The title is a little strong and yes, there are exceptions.
But for the vast majority of people, including average people, the top 1% people, and even for children, it holds true.
When I was a child, I had a handheld gaming device (Gameboy). I used to love playing video games after school.
If you were born in the 90s, you’ve likely heard of series of games that were released at that time, under the name Pokemon (I think it was Pokemon Red).
The game involved catching creatures called Pokemon and training them and then pitting them against other ‘trainers’ to see who wins.
While that’s the gist of it, here’s the important part: most of the time, the game was not fun to play.
It involved hard work to get the “level” (think of it as the power level) of the Pokemon to a high number so that it stood a chance in the game. Making the game winnable involved long hours of “training” the Pokemon (not fun) and doing the same repetitive in-game task again and again.
In other words, the game was a grind. You felt pleasure when you beat a friend, but it was tiresome to play the actual game. The game was a long errand.
Even as a child, when I played the game – I was working hard. I would spend my time leveling up in this game (remember, this is not a very pleasurable activity), and because I worked hard at it, I got good at it.
As men, we are all builders. We are always building something or the other – be it our careers, grades, networks, status – whatever, we’re always building something.
As a child, I was building the strength of my video game characters.
I deserved to be great at Pokemon Red because I played so much Pokemon Red.
(Now that I look back at it, my time would have been better spent reading, playing sports, or painting, but I’m sure my child self would have sneered at me.)
All of the time I spent perfecting myself at these (now) meaningless video games came from other aspects of my life – I sucked at sports, and I ruined my vision and ended up having to get glasses.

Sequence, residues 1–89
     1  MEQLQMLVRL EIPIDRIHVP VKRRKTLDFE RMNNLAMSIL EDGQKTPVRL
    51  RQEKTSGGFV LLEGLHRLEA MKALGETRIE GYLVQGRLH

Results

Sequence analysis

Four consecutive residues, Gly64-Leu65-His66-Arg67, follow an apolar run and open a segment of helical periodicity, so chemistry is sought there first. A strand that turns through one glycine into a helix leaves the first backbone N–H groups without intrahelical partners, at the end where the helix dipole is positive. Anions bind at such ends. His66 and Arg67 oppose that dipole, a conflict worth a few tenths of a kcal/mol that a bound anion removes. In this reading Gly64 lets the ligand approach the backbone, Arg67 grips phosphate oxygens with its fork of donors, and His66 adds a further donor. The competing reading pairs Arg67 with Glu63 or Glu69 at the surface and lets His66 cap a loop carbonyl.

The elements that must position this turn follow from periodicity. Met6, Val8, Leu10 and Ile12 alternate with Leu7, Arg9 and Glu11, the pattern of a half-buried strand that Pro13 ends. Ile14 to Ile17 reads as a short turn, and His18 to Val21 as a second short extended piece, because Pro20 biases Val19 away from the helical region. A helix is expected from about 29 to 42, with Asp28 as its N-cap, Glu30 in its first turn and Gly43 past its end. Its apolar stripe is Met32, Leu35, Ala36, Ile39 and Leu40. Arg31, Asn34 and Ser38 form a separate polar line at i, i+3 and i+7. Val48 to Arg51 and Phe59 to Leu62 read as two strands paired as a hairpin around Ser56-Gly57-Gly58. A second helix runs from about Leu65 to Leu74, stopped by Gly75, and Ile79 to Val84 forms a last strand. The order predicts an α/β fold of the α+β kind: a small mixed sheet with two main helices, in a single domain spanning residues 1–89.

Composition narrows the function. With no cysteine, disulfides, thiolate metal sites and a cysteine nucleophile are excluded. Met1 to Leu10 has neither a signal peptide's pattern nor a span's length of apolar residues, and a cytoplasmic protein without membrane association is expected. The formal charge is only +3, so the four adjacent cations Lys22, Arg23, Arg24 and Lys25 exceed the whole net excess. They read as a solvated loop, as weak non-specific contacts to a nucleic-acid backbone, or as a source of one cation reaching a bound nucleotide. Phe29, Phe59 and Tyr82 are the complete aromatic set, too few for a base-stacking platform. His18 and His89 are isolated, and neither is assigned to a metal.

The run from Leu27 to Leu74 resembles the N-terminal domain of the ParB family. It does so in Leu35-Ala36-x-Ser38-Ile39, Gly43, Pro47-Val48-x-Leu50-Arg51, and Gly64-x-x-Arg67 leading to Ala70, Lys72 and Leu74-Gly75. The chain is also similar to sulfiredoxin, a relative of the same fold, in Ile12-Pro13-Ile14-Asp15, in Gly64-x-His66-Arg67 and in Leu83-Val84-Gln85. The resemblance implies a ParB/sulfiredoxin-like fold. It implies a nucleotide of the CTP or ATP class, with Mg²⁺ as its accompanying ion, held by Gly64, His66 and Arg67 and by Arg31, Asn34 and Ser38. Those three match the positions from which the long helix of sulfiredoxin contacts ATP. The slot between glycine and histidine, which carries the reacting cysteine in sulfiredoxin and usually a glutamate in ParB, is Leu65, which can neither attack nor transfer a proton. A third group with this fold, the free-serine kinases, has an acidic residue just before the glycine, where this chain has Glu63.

The core point I’m trying to make is, even as a child, my life was not an accident.
I worked ‘hard’, I made choices, and I bore the consequences.
I spent my time building what I thought was valuable to me at that point (as did you).
I was where I deserved to be.
Even today, I am where I deserve to be.
And you too, are where you deserve to be.
Your life has not been an accident.
You have made choices – that in the 24 hours you have, you prioritize some things and neglect the rest.
You have done this since the day you were born, and you will continue to do this till the day you die.
Think about your past: Everything you have focused on has improved. Everything you have neglected has either stagnated or deteriorated.
If you focused on playing video games, you became better at video games.
If you focused on playing sports, you became better at sports.
If all you did was study, you became good at retaining and perhaps analyzing information.
Likewise, if you never went out and interacted with people, you ended up with few connections and low social skills.
If you never exercised, you became fat (or skinny fat).
If you neglected your self-education, you became an NPC.
It wasn’t something that happened in a second, minute, hour or day. It took a long time.
A fat person did not become fat in a day.
A fairy did not come and wave a wand to cast a spell that made the person put on tens of kilos of extra weight.
He spent years, even his entire lifetime to become fat.
He was not force-fed sugar and cake. He chose to eat those plates of noodles himself. He knew what would happen if he ate them.